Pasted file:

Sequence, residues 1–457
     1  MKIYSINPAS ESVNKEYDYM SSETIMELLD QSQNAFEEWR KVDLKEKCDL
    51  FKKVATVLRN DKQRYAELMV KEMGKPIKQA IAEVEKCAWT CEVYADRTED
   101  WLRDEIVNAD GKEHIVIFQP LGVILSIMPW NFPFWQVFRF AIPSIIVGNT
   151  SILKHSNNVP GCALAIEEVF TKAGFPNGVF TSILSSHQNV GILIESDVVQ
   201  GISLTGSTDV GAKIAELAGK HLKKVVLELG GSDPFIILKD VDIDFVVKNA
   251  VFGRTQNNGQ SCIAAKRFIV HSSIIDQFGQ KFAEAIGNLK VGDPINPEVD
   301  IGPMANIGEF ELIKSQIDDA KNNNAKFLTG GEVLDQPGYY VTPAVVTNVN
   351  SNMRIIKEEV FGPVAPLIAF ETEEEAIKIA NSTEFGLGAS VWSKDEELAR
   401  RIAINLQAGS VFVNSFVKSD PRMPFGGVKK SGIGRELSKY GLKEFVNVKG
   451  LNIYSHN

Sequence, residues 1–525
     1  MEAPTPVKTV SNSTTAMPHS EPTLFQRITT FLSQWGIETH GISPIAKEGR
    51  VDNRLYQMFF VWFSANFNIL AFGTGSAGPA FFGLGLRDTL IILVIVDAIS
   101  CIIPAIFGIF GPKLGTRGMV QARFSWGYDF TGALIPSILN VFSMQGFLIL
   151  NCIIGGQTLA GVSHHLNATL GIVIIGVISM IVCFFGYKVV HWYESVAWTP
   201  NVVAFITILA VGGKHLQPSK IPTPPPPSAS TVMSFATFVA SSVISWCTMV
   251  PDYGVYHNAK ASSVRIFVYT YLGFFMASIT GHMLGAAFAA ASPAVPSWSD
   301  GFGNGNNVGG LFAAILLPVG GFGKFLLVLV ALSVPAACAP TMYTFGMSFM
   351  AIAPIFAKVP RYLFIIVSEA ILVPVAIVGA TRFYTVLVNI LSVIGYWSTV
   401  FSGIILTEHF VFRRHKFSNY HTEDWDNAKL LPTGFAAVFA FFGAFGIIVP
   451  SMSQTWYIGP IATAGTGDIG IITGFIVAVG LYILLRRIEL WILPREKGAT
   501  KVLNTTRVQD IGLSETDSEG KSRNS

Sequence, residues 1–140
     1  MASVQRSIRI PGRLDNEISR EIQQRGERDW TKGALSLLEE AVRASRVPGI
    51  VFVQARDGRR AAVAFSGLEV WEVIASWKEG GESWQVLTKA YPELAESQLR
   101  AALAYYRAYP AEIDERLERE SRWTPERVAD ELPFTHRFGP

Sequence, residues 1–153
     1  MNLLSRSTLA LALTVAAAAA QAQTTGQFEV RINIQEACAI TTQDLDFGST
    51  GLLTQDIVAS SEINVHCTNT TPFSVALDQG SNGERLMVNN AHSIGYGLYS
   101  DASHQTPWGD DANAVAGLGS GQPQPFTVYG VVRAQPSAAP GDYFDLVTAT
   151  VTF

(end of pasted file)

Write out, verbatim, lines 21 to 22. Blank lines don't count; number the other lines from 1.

   401  FSGIILTEHF VFRRHKFSNY HTEDWDNAKL LPTGFAAVFA FFGAFGIIVP
   451  SMSQTWYIGP IATAGTGDIG IITGFIVAVG LYILLRRIEL WILPREKGAT